Kay Michael Lee Studio offers virtual classes to current students

A composite shows screenshots of some of the dance videos Kay Michael Lee instructors have posted for their students while in-person classes are suspended.

Although Kay Michael Lee Studio is one of the many businesses forced to close its doors due to direct orders from the government, their dance instructors have found alternative ways to continue teaching their students during the coronavirus pandemic.

On Monday, March 23, a group of three KMLS dance instructors; Abby Powell, Jurni Holte and company co-founder Sarah Johnson, began posting virtual classes online for their students who are eager to resume learning their craft. From tap dancing, to hip-hop, ballet, jazz and competition classes among others, the three instructors post dance videos on a daily basis, and share these video routines through invitations on social media sites such as Facebook.

Johnson reveals her sister Serena, KMLS’s other co-founder, gave her the idea to begin online dance classes while the studio remained closed during the pandemic. This service is available at no extra charge to participating students.

Once each video is uploaded by the instructor, they are put into specific folders based on category which the students can then access. Depending upon the routine, each video will vary in length from 30 to 60 minutes or longer. In addition to creating an online library of videos, the instructors also plan to host live feeds in an effort to work with the club’s four competition lines.

While each virtual class may differ depending on a specific routine or a particular dance form, Johnson says basic concepts such as improving flexibility, coordination, stretching techniques and clarifying dancer movements remain constant during each online dance session.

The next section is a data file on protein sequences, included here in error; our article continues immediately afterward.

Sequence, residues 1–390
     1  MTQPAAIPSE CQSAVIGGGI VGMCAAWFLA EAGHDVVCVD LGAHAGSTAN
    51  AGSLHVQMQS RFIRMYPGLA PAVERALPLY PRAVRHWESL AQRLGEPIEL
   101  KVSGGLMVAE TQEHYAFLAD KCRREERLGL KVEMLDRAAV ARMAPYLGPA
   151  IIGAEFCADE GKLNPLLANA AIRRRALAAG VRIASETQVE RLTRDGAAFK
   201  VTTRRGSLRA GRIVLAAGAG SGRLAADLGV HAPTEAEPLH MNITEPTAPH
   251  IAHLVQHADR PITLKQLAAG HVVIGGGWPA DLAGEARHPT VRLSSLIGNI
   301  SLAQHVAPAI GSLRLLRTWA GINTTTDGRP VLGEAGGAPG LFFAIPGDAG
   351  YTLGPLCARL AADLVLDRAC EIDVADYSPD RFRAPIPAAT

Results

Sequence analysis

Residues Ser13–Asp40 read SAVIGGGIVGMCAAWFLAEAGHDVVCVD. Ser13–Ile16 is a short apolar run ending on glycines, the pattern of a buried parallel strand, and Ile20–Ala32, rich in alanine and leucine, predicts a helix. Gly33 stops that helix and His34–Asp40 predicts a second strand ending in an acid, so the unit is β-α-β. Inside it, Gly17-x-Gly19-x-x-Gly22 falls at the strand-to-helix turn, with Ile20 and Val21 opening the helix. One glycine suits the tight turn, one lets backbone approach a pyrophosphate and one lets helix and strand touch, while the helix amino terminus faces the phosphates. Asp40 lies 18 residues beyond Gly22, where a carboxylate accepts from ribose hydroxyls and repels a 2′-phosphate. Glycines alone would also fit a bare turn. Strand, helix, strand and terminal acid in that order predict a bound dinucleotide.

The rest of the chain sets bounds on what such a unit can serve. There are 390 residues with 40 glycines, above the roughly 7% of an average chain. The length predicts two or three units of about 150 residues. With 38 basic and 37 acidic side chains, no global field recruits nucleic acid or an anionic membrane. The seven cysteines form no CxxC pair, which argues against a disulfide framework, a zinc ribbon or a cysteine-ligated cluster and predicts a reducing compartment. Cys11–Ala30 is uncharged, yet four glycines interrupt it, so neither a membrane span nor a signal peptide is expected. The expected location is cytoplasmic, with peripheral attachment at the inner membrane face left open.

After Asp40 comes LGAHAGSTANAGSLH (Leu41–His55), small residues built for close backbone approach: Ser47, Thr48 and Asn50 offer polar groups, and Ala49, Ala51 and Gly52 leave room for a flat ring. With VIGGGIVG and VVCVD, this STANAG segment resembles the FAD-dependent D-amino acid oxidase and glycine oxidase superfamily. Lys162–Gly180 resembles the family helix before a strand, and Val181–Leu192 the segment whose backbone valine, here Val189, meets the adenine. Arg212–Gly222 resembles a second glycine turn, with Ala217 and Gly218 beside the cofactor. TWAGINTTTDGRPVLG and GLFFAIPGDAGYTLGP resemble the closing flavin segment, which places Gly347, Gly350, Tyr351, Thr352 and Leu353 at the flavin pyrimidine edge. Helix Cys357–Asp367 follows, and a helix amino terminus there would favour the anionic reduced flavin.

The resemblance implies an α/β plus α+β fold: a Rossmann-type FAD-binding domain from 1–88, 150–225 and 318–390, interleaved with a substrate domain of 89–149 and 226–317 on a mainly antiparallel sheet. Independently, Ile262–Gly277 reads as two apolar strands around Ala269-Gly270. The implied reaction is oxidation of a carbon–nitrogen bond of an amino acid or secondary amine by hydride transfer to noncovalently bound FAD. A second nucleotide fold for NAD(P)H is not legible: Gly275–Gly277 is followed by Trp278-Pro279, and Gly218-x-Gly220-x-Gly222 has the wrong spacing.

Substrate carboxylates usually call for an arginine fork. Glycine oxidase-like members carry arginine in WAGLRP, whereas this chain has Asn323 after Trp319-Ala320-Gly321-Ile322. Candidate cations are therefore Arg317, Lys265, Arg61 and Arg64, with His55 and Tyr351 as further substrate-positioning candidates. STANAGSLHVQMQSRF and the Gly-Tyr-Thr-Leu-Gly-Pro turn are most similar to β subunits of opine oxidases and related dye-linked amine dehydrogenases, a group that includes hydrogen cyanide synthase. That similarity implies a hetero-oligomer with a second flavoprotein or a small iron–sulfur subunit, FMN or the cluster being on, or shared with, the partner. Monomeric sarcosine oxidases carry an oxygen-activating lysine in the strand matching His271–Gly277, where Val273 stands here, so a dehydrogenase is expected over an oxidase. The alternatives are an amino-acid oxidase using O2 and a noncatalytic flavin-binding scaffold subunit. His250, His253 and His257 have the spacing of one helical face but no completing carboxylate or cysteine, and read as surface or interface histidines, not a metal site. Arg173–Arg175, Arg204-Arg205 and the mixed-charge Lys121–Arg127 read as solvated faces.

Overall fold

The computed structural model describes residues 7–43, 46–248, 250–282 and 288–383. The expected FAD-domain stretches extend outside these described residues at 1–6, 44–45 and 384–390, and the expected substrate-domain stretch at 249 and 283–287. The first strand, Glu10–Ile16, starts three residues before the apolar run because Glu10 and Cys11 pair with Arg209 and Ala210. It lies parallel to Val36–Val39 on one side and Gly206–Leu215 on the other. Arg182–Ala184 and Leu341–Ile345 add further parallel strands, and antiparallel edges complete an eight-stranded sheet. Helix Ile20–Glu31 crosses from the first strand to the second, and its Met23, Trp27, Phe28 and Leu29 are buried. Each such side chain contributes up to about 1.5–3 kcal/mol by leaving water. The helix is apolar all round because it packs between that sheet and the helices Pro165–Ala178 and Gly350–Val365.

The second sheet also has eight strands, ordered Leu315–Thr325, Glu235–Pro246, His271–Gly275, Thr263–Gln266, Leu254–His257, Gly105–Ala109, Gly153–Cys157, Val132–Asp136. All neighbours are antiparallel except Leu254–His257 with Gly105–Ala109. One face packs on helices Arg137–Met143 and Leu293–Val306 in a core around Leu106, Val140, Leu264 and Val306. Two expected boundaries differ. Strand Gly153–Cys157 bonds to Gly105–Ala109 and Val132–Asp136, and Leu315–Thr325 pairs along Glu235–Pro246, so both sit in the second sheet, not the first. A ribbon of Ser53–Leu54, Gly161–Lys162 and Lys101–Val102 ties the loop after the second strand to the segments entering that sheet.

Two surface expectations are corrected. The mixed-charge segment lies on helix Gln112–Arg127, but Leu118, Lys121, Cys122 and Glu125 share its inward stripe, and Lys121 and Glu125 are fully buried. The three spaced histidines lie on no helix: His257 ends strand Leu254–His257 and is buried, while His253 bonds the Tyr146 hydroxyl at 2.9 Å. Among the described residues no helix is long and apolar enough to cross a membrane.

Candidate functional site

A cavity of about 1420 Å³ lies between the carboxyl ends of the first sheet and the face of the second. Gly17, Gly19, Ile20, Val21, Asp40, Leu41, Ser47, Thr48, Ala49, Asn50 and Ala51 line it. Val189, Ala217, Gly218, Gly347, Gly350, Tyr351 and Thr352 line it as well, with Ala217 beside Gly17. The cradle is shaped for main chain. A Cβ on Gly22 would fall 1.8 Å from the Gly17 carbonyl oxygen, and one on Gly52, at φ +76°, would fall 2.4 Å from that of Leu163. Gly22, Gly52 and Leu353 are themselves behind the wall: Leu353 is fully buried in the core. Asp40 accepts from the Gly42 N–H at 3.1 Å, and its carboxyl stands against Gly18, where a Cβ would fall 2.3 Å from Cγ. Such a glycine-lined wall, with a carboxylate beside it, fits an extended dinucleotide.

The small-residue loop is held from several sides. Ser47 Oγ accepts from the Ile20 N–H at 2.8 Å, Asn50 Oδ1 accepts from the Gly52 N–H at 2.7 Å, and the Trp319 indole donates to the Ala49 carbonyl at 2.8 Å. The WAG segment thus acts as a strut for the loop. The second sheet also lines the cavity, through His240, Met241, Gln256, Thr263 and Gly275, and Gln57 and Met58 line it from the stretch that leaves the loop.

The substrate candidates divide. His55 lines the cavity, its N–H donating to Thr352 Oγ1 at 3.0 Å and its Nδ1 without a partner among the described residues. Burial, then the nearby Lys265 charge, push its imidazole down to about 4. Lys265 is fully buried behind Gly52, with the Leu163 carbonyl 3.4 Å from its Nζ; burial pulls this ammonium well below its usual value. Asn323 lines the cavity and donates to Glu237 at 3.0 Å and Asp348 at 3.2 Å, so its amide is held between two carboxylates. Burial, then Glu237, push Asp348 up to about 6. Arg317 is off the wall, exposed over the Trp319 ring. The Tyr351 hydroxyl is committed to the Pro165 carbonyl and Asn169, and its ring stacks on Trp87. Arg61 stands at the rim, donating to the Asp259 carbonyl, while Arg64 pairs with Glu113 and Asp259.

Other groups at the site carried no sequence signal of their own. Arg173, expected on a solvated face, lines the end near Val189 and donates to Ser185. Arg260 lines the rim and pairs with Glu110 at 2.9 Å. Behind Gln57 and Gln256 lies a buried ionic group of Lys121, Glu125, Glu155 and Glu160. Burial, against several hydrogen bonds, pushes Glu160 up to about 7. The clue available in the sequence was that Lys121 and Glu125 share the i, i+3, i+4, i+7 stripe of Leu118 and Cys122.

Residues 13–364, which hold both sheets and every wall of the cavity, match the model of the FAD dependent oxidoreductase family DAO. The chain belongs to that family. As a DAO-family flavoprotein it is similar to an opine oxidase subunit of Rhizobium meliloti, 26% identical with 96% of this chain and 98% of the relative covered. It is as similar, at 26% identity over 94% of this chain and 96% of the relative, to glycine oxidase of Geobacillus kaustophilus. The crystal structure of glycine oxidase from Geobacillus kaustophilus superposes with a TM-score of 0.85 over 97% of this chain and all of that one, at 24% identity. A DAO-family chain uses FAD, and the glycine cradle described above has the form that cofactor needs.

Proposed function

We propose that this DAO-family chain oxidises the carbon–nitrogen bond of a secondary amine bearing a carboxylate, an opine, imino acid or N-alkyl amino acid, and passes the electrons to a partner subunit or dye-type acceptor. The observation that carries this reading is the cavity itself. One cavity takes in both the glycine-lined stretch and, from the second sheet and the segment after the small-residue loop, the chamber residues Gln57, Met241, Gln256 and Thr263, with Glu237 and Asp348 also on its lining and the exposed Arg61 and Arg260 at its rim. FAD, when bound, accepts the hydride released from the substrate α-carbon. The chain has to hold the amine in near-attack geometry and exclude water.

While the process of providing virtual classes has its share of challenges at the outset, the dance instructor believes students and parents alike have been receptive to the idea. Ultimately, Johnson explains the goal of this program is to keep dance skills sharp during an extended period of unprecedented circumstances.

“You don’t really realize how much social interaction is required to teach a class until it’s not there anymore,” Johnson tells the Williston Herald. “But I think everyone is happy that our classes are keeping kids interested and motivated, so when this situation returns to normal, all of our students will be as prepared as they possibly can. It’s a new challenge for the teachers to deliver messages more quickly and efficiently.”

Like other local businesses who were forced to shut their doors, KMLS plans to re-open on Monday, April 6 unless otherwise notified. Johnson says the dance studio remains hopeful they can perform their Roaring Twenties themed recital at Bakken Elementary, which will be KMLS’s next big event, scheduled tentatively for May 3. However, it remains a mystery as to whether or not that performance will actually take place.

“We are keeping our fingers crossed that this situation will be over by then, and we are doing everything we can to keep everybody’s spirits up in the meantime,” Johnson adds. “It’s just a wait-and-see approach until then.”

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